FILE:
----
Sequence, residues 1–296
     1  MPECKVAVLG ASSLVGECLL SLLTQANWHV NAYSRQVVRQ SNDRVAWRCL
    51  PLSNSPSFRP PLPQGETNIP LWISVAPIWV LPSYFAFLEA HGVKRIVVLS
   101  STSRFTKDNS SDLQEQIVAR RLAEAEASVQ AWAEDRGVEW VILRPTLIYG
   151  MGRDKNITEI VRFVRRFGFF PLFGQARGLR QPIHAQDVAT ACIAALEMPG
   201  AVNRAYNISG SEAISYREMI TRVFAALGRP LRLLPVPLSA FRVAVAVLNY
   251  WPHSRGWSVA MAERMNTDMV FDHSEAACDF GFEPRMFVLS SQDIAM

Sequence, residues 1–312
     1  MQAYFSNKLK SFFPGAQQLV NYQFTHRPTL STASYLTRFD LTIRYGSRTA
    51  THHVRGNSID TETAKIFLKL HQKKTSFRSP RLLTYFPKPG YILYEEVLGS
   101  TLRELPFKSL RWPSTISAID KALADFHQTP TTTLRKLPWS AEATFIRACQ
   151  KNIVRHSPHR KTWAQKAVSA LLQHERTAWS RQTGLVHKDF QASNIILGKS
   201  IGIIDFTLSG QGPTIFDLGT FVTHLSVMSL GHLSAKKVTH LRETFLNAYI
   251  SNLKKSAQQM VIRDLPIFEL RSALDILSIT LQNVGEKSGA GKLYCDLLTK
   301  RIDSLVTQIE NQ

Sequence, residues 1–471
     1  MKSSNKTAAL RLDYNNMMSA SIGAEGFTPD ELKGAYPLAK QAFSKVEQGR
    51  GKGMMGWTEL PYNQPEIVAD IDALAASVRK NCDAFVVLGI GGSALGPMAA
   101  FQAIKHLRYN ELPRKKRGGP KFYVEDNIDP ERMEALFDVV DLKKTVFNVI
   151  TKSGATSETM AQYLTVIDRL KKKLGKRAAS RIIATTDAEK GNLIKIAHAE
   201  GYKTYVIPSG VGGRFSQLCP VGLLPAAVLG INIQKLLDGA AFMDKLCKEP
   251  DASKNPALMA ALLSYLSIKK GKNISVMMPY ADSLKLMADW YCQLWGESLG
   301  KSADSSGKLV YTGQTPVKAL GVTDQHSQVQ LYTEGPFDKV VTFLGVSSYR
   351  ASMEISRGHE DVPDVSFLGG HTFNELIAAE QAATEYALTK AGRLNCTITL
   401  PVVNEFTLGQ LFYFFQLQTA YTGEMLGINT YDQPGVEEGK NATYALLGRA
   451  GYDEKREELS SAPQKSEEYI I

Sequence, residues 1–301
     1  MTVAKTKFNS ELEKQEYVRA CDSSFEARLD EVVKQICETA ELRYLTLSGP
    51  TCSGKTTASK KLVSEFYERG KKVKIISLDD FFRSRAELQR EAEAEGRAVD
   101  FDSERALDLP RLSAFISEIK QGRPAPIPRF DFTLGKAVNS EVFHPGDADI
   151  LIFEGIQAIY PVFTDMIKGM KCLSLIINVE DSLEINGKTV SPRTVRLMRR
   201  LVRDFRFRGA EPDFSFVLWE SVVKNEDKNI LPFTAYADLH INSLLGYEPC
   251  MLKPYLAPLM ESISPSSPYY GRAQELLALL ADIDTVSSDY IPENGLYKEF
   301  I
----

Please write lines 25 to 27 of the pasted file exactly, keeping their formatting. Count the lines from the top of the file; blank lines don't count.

   401  PVVNEFTLGQ LFYFFQLQTA YTGEMLGINT YDQPGVEEGK NATYALLGRA
   451  GYDEKREELS SAPQKSEEYI I

Sequence, residues 1–301